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In the Middle Ages, mules were used to transport goods across Britain. Strong, sturdy and able to carry a good 160 lbs of weight, they made ideal walking companions (as long as you didn't ask them to do anything they disapproved of).
Now Hugh Thomson has revived that ancient tradition. Taking his cue from Robert Louis Stevenson's 19th-century bestseller Travels With a Donkey, Hugh leads his trusty mule Jethro across England from the Lake District to the Yorkshire Moors, using old drovers' roads that have largely passed into disrepair.
His previous journeys have resulted in acclaimed books on Peru, Mexico and the Indian Himalaya, and more recently on southern England for the prize-winning The Green Road into the Trees. As he crosses the north, he combines his trademark wit and insight with a lyrical intensity about the history and the landscape; and it is his encounters with the people he meets along the way which bring that landscape to life in a manner few other contemporary travel writers attempt.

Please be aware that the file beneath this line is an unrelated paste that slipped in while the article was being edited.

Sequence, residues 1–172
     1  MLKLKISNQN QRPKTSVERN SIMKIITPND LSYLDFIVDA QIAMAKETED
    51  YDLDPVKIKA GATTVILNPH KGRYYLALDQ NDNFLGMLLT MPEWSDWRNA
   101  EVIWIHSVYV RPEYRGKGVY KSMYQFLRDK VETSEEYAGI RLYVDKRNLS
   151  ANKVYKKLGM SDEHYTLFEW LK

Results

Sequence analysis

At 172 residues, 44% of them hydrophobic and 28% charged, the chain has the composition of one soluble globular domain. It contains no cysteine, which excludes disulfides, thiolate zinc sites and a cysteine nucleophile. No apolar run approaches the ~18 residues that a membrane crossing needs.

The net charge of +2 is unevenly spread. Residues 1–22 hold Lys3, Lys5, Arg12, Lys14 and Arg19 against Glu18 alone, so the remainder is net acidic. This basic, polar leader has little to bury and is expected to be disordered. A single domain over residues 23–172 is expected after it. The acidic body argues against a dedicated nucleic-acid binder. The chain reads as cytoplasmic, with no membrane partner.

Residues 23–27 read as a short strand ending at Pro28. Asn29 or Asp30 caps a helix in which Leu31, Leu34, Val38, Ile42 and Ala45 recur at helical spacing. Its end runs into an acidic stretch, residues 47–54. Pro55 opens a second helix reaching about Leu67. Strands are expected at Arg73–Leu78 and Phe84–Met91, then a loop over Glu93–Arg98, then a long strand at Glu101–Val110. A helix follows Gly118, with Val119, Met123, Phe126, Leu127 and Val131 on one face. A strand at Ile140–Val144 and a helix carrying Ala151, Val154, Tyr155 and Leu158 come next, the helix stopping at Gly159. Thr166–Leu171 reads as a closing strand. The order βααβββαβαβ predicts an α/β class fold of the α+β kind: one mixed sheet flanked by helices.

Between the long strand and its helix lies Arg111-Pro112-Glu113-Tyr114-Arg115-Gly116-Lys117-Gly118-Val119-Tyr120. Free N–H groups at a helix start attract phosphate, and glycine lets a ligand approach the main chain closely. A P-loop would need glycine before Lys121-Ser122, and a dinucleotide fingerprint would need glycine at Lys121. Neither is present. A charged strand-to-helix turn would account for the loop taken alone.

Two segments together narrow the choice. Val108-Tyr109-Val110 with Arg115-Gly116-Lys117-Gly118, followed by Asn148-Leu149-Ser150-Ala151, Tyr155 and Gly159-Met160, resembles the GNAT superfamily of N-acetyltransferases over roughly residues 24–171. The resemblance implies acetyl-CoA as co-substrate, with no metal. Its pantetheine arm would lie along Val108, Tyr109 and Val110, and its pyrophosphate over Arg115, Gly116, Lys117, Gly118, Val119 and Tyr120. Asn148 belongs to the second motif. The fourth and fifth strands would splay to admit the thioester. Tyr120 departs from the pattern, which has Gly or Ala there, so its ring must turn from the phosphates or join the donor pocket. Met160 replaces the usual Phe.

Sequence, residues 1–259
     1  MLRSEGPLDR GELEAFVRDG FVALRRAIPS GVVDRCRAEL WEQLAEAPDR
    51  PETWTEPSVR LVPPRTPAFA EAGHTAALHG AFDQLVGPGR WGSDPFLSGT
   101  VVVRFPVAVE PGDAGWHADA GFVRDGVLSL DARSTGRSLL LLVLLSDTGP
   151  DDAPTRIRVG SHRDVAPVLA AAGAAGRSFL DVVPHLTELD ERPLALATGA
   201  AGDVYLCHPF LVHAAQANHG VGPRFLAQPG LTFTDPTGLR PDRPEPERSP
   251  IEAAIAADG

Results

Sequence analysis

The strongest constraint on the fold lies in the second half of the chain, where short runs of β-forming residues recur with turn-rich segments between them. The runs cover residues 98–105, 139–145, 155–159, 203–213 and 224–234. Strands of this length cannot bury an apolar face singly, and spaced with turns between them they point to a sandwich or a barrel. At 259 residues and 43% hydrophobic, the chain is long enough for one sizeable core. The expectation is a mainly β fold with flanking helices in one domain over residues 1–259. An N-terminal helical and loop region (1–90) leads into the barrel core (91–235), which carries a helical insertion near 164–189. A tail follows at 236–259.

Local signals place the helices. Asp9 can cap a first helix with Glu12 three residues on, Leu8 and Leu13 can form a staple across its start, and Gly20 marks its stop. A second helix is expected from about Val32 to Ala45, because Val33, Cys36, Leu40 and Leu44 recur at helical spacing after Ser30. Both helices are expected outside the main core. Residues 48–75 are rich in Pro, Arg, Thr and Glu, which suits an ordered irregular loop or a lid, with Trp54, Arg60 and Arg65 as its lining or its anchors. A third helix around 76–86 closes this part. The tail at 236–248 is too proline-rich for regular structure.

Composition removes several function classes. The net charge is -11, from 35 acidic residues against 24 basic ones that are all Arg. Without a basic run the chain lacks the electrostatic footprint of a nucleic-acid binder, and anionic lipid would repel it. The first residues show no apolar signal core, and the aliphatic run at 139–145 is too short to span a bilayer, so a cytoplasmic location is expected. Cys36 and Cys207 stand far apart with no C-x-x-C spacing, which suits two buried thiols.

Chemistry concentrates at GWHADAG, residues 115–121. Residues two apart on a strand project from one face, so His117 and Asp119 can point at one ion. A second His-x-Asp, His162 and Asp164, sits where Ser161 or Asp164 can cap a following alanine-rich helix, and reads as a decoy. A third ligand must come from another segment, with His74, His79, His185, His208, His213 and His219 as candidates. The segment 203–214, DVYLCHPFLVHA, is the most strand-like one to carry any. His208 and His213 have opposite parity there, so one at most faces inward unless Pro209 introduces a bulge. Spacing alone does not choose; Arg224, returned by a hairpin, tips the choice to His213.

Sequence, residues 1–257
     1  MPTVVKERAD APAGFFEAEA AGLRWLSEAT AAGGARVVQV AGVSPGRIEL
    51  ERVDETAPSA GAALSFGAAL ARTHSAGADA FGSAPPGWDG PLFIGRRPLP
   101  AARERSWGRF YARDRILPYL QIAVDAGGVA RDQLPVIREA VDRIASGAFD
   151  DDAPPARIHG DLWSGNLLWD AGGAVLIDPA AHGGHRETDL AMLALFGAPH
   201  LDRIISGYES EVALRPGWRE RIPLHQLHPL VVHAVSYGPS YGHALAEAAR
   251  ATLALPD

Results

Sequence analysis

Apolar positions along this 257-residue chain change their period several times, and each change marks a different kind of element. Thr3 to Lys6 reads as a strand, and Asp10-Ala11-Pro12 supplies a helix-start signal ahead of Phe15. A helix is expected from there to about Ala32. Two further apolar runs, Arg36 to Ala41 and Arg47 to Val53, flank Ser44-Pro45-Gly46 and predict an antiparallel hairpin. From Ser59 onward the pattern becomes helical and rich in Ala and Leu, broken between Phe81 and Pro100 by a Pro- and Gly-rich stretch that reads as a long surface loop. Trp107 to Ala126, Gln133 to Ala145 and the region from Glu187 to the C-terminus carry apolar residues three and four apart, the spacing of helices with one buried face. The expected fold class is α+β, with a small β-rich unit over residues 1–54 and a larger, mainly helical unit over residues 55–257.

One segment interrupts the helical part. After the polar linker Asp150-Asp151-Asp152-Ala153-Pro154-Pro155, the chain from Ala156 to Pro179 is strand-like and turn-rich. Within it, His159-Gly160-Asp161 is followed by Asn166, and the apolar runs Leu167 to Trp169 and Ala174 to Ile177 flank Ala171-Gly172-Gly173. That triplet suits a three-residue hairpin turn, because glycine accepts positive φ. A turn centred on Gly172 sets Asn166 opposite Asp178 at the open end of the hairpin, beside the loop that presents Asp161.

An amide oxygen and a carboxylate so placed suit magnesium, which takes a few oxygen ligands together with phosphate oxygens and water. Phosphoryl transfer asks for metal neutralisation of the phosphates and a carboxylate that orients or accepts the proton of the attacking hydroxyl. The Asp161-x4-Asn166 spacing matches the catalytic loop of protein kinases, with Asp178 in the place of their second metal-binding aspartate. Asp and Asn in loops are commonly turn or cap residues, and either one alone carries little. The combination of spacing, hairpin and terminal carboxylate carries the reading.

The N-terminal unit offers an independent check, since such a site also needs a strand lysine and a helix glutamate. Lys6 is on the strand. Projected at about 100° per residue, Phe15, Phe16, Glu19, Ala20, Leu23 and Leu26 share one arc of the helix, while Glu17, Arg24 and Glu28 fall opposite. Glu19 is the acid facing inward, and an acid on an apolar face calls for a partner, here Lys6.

Hugh Thomson's travel books include The White Rock: An Exploration of the Inca Heartland and Cochineal Red, both about Peru, as well as Nanda Devi, a journey to a usually inaccessible part of the Himalaya. His memoir Tequila Oil: Getting Lost in Mexico was serialised by BBC Radio 4. Hugh has led many research expeditions to Peru and is one of Britain's leading explorers of Inca settlements. He has also taken filming expeditions to Mount Kilimanjaro, Bhutan, Afghanistan and the Mexican Sierra Madre. For The Green Road into the Trees, he returned to Britain to write about his own country. It won the inaugural Wainwright Prize for Nature and Travel Writing. For the sequel, One Man and a Mule, Hugh decided to have 'a South American adventure in England' by taking a mule as a pack animal across the North.